May 27, 2010
Sometimes you come across things that you should know but you don’t. This piece of information was one of those things, and when I learnt it I thought it was fantastic. I have always loved what God tells Moses when he asks for his name,
Moses said to God,
“Suppose I go to the Israelites and say to them, ‘The God of your fathers has sent me to you,’ and they ask me, ‘What is his name?’ Then what shall I tell them?”
God said to Moses,
“I am who I am. This is what you are to say to the Israelites: ‘I AM has sent me to you.’ ”
The great ‘I am’. Eternally existing. It has always made sense to me that God would refer to himself in that way. It turns out, this is connected to the name Yahweh:
In appearance, YHWH is an archaic third person singular imperfect of the verb “to be”, meaning, therefore, “He is”.
May 1, 2010
Why choose the God of the Bible over Zeus, or Thor, the great Juju at the bottom of the sea, or any other pagan god? Since there’s “no good reason” to pick Yahweh over any other god, I’m told, we should simply dismiss the idea of gods altogether.
As Stephen Roberts says:
I contend we are both atheists, I just believe in one fewer god than you do. When you understand why you dismiss all the other possible gods, you will understand why I dismiss yours.
But this argument doesn’t make sense. Even if there was no good reason to choose God of the Bible over any other, this isn’t a good argument for atheism. Let me explain. Atheism says we should dismiss all gods. But even if I didn’t know which one of several options is true, that doesn’t mean I should dismiss them all. Just because someone don’t know what the hundredth digit of π is, does not mean that we should dismiss the fact there is one. There is a hundredth digit of π. Not knowing which one it is, is not a reason for dismissing them all. It is a reason for searching for the right one.
All conceptions of God are not the same. They’re fundamentally (no pun intended) different. One of the most obvious chasms is the canyon between world’s monotheistic religions – Islam, Judaism, and Christianity – on on one side and pagan belief systems on the other. Pagan beliefs have their gods planted firmly in nature, as if you could look down a microscope and see him. Monotheistic beliefs about God are much more awe inspiring. They don’t think God can be discovered in nature, but instead view him as the author, creator and sustainer of it all.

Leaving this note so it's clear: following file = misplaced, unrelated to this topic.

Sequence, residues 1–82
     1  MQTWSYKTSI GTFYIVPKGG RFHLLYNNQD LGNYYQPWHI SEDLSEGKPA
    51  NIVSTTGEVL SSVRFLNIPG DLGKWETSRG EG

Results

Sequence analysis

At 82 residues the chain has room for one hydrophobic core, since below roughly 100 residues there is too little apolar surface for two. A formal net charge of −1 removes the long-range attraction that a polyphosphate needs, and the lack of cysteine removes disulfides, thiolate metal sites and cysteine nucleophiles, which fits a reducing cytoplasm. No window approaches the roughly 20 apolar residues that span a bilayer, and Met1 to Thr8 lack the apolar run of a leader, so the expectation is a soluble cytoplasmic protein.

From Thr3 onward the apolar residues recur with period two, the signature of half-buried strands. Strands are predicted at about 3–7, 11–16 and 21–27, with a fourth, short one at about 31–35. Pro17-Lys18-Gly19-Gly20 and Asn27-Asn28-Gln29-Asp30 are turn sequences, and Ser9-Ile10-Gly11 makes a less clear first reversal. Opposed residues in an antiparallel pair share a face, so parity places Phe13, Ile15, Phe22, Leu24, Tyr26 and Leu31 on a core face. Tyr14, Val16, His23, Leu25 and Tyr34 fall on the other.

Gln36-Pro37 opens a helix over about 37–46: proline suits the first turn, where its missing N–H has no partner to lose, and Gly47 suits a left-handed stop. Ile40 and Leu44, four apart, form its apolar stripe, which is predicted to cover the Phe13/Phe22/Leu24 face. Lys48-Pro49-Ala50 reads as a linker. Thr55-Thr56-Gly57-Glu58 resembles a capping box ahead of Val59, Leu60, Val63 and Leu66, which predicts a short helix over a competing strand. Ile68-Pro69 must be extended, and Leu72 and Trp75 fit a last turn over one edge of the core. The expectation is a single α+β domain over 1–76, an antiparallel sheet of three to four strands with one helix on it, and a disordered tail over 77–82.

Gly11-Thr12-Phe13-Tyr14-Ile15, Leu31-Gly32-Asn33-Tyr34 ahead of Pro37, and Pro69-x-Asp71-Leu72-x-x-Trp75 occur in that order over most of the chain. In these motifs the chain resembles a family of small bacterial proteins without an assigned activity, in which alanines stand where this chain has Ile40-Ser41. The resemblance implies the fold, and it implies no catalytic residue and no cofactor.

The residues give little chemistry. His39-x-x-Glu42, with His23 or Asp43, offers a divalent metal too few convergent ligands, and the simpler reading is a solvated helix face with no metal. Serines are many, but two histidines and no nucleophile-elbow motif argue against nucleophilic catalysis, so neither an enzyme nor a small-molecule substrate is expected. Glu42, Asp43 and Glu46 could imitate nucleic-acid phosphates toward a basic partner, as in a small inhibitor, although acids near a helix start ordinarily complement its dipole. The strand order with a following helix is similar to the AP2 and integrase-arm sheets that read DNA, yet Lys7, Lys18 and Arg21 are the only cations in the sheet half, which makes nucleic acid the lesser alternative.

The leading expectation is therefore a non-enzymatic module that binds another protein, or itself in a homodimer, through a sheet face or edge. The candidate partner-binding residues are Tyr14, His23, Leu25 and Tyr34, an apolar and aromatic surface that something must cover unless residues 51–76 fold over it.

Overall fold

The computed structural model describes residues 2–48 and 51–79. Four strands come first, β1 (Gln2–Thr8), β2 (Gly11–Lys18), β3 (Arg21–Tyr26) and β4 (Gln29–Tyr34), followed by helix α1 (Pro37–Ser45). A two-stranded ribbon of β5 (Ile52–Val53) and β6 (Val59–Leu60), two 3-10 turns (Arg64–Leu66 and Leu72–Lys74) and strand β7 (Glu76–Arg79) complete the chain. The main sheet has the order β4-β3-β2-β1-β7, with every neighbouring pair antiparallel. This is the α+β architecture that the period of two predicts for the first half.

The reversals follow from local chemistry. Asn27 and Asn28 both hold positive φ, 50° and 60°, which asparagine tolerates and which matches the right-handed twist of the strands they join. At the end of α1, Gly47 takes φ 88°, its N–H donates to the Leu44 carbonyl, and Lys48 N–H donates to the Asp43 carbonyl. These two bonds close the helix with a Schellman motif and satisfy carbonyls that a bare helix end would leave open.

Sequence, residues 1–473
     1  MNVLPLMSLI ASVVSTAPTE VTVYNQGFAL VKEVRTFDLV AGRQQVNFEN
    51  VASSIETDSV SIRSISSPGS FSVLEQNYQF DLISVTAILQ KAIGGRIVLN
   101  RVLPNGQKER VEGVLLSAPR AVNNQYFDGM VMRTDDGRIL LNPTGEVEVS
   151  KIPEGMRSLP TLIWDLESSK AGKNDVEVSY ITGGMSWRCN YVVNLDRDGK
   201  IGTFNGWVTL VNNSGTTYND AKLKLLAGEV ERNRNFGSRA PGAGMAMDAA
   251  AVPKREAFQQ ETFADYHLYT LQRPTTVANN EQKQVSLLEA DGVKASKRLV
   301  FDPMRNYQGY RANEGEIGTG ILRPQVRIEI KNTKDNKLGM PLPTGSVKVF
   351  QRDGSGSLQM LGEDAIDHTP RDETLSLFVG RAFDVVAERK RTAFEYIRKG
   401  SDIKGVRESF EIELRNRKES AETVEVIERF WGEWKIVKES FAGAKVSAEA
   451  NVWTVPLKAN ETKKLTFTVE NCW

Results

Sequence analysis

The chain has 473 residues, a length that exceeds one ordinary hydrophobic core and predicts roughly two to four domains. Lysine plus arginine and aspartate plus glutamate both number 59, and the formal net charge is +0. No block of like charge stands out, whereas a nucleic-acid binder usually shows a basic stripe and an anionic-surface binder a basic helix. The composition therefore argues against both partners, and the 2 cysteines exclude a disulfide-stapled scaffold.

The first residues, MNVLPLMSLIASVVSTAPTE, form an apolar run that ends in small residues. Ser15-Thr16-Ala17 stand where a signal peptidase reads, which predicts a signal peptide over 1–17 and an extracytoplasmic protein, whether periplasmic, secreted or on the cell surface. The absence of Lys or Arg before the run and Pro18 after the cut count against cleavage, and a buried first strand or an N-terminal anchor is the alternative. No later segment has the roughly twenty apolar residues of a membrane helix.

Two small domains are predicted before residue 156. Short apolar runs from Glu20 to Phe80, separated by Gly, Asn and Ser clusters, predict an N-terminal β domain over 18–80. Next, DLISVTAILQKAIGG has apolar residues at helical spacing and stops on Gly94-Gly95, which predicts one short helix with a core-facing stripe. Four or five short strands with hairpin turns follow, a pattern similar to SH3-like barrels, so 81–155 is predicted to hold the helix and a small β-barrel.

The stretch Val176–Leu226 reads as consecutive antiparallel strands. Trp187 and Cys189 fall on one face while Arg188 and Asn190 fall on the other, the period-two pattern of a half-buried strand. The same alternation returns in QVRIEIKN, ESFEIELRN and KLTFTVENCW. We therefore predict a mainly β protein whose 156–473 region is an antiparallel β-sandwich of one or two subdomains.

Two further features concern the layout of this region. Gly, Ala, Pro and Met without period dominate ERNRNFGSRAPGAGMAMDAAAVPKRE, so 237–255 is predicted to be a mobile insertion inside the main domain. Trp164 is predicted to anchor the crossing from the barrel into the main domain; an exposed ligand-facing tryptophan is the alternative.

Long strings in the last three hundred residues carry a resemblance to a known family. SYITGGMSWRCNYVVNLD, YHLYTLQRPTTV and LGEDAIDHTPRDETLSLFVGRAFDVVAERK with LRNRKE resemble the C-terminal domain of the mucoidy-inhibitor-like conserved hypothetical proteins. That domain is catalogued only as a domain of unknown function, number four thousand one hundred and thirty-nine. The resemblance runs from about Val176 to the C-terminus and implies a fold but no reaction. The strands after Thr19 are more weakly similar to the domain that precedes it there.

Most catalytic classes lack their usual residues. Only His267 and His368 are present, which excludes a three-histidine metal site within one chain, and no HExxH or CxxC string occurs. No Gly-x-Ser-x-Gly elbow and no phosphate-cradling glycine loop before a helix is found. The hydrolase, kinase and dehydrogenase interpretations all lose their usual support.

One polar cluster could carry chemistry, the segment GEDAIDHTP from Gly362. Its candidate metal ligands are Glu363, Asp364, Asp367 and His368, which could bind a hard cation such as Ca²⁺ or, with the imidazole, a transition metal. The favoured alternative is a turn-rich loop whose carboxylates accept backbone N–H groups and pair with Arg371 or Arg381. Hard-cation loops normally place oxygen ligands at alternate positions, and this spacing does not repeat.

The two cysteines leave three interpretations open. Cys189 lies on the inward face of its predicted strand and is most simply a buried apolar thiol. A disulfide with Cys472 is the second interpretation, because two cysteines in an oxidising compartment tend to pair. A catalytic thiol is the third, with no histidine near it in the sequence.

The pagan view makes no sense to me. If you take a piece of metal and bang it one way it becomes a “god”; bang it another way it becomes a pot or a pan. Personally I cannot see how it can ever be more than a piece of metal, not a “god”. This takes many forms, from worshipping statues or the earth, the moon or the sun, right the way up to pantheism (which Dawkins describes as sexed up atheism). I have much the same problem with all of them: I can’t see how the universe could possibly create itself. A pot or a pan did not create the universe. It can’t even move itself. It’s totally clear to me these things are not God.
Jeremiah put it like this:
3 They cut a tree out of the forest,
and a craftsman shapes it with his chisel.
4 They adorn it with silver and gold;
they fasten it with hammer and nails
so it will not totter.
5 Like a scarecrow in a melon patch,
their idols cannot speak;
they must be carried
because they cannot walk.
Do not fear them;
they can do no harm nor can they do any good.”
However, the most important reason I have for rejecting other gods is another thing that an atheist cannot claim to share: I find Jesus Christ compelling. It is how we respond to Jesus Christ which sets us apart. The main reason I am not a pagan, a Muslim, an atheist or a Jew is because of what I think of this man, Jesus. I am not an atheist with respect to belief in Allah or Zeus, I am a Christian. Unlike an atheist who tries to tear down other people’s beliefs, and ridicules everyone, I can offer positive, uplifting reasons for what I believe – and I hope, do that with gentleness and respect.
So I guess I have reasons for rejecting Stephen Roberts claim: Different conceptions of God are not equal. While some conceptions of God make no sense at all, others make a lot. Just because we reject the illogical picture of God, and keep a logical one doesn’t make us atheists. Finally, unlike atheists, Christians can offer positive, respectful reasons for what we believe, which isn’t solely based on disrespect and ridicule of those we don’t agree with.
As always comments are welcome and criticism is encouraged. Thanks for reading!